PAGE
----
Saturday, February 25, 2012

Wrinkles Can Predict Bone Density

A menopausal woman's face can provide hints about her bones, new study says

As if those brow furrows and laugh lines weren't distressing enough for a woman, now a new study says facial wrinkles may be sending a message about her bone density.

A menopausal woman’s facial wrinkles, particularly between the brow, could indicate low bone density.

A menopausal woman's facial wrinkles, particularly between the brow, could indicate low bone density. — Photo by Image Source/Aurora

Yale scientists have found that the more wrinkles a woman has in her early menopause years, the lower her bone density.

This is important because women over 50 are at the greatest risk for bone fractures from osteoporosis, the thinning of bone tissue and loss of bone density over time.

"Women need to be aware that our skin is giving us a glimpse of what's happening inside to our skeleton," Lubna Pal, M.D., a reproductive endocrinologist at Yale's School of Medicine, told the Bulletin.

She says the study found that those furrows between the brows, which are often the first target of Botox treatments, were the strongest link between bone density and wrinkles.

"Different areas of the face wrinkle at different rates and after adjusting for all the parameters, the strongest impact was with the forehead wrinkles between the brows," she says.

Although the connection between skin and bone might not be obvious, Pal explained that they share common building blocks — a group of proteins called collagens.

As women age, the changes in collagen that visibly cause the skin to sag and wrinkle are also invisibly affecting bone quality and quantity.

The study demonstrates only an association — not an exact cause — between decreased bone density and early skin wrinkling, Pal emphasized, but it still could give doctors a low-cost way of identifying postmenopausal women who may be at risk for bone fracture.

The Yale researchers studied 114 women in their late 40s and 50s who were within three years of menopause and not on hormone or bone density drug therapy, she says.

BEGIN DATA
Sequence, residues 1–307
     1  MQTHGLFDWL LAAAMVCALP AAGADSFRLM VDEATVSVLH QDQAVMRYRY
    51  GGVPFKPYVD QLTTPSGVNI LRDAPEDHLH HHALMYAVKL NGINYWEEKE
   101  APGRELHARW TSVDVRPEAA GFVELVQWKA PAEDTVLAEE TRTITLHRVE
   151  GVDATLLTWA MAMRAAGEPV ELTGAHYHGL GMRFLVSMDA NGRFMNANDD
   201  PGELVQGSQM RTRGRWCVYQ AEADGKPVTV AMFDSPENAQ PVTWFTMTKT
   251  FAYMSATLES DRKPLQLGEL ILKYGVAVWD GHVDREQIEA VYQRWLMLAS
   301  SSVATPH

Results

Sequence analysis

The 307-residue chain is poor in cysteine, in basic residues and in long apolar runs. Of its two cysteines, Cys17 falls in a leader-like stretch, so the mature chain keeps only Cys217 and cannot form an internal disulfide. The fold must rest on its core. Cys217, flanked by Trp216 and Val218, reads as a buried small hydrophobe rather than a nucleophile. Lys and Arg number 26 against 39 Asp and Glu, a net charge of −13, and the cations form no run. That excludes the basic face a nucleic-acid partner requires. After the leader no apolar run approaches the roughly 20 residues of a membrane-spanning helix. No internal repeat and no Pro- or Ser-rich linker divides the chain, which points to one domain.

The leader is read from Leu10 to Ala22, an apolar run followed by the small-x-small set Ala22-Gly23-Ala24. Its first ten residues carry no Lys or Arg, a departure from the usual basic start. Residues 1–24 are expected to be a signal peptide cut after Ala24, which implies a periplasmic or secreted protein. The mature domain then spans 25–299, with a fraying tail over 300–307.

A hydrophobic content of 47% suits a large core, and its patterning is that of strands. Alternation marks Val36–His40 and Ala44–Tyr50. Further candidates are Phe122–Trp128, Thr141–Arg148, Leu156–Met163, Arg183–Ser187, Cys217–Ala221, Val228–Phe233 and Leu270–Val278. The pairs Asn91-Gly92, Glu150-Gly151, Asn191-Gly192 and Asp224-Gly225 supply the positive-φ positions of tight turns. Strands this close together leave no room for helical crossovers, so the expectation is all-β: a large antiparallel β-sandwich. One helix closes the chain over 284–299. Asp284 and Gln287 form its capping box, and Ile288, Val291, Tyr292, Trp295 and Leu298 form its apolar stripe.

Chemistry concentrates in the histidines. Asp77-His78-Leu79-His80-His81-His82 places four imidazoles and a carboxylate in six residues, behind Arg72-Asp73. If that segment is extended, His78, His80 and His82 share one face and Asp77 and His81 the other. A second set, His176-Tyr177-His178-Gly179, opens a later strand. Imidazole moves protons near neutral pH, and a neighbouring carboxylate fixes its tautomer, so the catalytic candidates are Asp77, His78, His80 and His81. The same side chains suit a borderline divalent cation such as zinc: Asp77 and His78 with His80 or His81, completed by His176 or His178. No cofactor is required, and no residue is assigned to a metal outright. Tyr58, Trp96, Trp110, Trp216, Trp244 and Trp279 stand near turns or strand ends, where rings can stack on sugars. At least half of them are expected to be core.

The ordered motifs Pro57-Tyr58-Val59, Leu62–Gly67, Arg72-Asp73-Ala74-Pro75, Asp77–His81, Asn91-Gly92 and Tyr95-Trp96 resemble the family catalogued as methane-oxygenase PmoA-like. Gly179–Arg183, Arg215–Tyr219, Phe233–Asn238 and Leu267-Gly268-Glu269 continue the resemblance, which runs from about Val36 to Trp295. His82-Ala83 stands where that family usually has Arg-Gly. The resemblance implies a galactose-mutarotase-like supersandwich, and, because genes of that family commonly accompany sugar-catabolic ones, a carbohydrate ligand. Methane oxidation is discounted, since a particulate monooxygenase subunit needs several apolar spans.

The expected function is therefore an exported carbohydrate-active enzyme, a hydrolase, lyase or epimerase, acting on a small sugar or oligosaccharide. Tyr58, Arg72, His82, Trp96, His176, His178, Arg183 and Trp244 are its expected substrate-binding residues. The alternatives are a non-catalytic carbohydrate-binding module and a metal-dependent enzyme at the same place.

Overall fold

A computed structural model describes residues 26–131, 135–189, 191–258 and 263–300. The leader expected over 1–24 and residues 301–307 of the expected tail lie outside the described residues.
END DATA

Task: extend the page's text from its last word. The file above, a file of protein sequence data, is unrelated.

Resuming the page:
The scientists also excluded women who had undergone any cosmetic skin procedures or who may have damaged their skin by tanning beds or extensive exposure to the sun.

The scientists measured the number and depth of the women's forehead, face and neck wrinkles, as well as the skin's firmness or rigidity. They then tested their bone density by x-ray and ultrasound.

The findings, which were presented Monday in Boston at the annual meeting of the Endocrine Society, showed that women with the worst wrinkles had the lowest bone density.

Conversely, those women with firm skin and the fewest wrinkles had greater bone density.

The relationship was evident at all skeletal sites tested, including hip, lumbar, spine and heel, and was independent of age, body composition or other factors known to affect bone density.

The study is part of a larger, multicenter investigation into menopausal hormone therapy.

Pal says a longer, four-year study is needed to look at the relationship between wrinkles and the risk of bone fracture.

"We want to know if intensity of skin wrinkles can allow identification of women who are more likely to fracture a bone," she says, especially fractures of the neck, femur or hip — injuries often fatal to older people.

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